The Snowman (Alfredson; 2017)

Jo Nesbo is a Norwegian crime novellist known the world over for revolutionizing modern crime fiction and has won a great many awards in addition to his popularity.  Tomas Alfredson is a Swedish film director known in the United States primarily for the Academy Award nominated Tinker, Tailor, Soldier, Spy as well as the horror classic Let the Right One In.  You would think that putting these two gentlemen together along with the phenomenal acting talent of Michael Fassbender would guarantee a quality film just awaiting critical acclaim and the attention of the film awards circuit.  That, however, is not to be the fate of The Snowman, a film which despite the pedigree of its acting, writing, and directing talents went horribly wrong.

The film opens with a series of camera shots you would expect in a Bourne film fight scene with a series of quick close ups and zoom outs cut together so quickly you barely have a moment to make out what you are seeing on screen.  But, this isn’t an action scene.  It’s just following a man entering a house then sitting at a table.  It’s an interesting choice that the most mundane action possible is filmed via frantic camerawork, but this is only done once.  Shortly after this we have a strange zoom through the windshield of a car which is reminiscent of an effect someone would use to show a space ship going into faster than light travel in a science fiction film, but it’s used for someone who is just pulling out of their garage normally.  One shot of this drive uses a very obvious CGI close up of the back of the car so out of date it looks like it was created in 1992, but none of the rest of the drive uses CGI at all, and again, it’s for the most part just a normal drive through a snowy landscape.  No high speed chase, no stunt work.  Again, nothing like this is shown again in the movie.  It’s just a strange choice for no obvious reason.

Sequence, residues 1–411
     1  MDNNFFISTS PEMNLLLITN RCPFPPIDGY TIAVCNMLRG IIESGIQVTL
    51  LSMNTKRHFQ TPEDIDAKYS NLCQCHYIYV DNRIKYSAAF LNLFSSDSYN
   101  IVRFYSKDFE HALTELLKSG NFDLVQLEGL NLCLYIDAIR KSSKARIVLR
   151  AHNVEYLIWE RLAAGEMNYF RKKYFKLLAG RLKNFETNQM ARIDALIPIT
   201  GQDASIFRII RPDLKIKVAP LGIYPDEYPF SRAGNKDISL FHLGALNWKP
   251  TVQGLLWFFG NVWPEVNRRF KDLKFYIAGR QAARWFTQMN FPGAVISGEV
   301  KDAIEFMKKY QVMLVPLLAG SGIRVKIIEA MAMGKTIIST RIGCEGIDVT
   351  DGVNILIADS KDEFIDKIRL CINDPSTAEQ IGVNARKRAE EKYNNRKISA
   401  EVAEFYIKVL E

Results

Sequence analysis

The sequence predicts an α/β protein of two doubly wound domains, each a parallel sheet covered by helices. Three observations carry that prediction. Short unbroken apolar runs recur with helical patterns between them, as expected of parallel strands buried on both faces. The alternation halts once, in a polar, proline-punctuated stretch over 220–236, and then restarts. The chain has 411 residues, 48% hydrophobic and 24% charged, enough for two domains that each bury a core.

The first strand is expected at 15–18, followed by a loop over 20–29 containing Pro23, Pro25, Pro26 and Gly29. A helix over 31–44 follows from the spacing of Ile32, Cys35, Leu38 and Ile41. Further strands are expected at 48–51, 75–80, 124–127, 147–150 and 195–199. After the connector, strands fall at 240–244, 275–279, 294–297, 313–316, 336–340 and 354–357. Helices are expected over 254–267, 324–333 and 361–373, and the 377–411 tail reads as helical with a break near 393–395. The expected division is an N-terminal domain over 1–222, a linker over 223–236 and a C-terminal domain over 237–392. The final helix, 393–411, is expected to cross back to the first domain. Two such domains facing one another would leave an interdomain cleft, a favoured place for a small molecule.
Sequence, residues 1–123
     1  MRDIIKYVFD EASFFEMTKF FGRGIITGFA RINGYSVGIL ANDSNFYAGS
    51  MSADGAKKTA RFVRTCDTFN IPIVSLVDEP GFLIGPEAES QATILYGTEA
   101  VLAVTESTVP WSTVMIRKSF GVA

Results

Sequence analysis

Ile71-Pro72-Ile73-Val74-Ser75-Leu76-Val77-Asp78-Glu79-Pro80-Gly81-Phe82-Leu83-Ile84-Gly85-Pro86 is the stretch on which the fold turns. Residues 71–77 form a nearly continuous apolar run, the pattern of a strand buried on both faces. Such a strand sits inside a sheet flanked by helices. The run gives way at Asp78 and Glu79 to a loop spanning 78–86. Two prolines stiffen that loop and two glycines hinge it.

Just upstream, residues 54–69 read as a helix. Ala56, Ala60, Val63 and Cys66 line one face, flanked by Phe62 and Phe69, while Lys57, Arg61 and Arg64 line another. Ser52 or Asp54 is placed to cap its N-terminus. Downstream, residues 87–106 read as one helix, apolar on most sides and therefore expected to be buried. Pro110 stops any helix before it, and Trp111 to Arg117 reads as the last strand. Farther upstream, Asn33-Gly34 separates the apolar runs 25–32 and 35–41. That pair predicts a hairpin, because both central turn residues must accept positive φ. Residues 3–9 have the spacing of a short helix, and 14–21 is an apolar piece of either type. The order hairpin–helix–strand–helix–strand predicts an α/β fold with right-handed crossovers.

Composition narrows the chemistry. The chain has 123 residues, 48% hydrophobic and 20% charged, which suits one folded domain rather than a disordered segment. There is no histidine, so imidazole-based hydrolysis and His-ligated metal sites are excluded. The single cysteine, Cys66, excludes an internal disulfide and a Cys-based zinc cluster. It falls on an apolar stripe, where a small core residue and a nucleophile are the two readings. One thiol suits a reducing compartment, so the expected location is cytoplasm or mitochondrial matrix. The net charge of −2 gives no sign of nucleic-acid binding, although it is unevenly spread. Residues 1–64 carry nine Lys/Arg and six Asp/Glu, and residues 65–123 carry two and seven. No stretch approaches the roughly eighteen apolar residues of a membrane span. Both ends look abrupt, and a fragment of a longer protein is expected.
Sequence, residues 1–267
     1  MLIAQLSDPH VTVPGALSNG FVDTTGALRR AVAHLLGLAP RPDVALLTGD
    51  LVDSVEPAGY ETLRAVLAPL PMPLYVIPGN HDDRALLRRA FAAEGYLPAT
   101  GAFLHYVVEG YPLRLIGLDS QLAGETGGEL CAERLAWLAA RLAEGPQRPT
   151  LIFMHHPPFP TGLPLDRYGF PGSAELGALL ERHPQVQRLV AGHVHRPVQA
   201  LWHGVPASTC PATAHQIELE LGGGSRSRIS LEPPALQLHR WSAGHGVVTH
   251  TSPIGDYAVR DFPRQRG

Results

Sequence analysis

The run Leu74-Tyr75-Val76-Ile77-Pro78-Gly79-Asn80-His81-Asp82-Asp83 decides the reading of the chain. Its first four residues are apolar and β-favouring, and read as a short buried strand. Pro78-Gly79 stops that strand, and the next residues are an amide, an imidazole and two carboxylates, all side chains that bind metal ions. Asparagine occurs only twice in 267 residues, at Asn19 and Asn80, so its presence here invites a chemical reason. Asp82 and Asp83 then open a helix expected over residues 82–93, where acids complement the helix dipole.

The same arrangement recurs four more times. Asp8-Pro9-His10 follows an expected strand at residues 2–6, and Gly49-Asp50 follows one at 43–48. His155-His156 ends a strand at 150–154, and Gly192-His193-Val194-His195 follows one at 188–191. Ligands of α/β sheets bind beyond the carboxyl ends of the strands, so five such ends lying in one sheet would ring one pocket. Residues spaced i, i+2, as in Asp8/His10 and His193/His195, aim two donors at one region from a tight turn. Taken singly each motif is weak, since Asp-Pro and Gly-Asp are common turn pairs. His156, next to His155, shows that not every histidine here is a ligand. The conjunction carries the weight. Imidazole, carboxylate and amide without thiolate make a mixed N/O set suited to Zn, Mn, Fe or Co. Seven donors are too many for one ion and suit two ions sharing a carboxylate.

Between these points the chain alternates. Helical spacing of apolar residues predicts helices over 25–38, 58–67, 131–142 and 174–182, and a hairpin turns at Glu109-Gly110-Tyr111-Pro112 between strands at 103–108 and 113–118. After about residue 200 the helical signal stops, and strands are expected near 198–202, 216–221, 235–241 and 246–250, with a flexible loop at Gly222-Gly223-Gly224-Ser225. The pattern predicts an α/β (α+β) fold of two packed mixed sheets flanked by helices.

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The acting choices made throughout the film are also odd, so odd that there were times if I wondered if anyone in the movie had ever actually met another human being before.  Two characters will stare meaningfully at one another as if they were sharing some dark secret silently that only they know, or perhaps one is warning the other that they know what the other is up to only to find in the very next scene seconds later that the two have never met and are now being introduced.  Fassbender’s Harry Hole at one point attacks a person doing repair work on his apartment, and chases the repair person into the street, and we never know why nor hear from the character of the repair person again.  In fact, stares, awkward silences, and two people seemingly having completely different conversations as they speak past one another seems more common in this film than normal, recognizable human interaction.

I think these strange choices all have a reason which was found out near the film’s end, but that reason is in itself so bizarre if I am correct that it just adds yet another strange choice to the myriad of others rather than clarify anything.  Without spoiling anything, one of the characters has a trait that is a major influence on the actions of another, and all this monkeying around with strange interactions and camera work seems to be a hint to the audience about this character trait.  The trouble is that not only could this trait have been far more easily shown in mere seconds than by hinting for an entire movie, but there also seems no reason whatsoever to keep that trait a secret from the audience.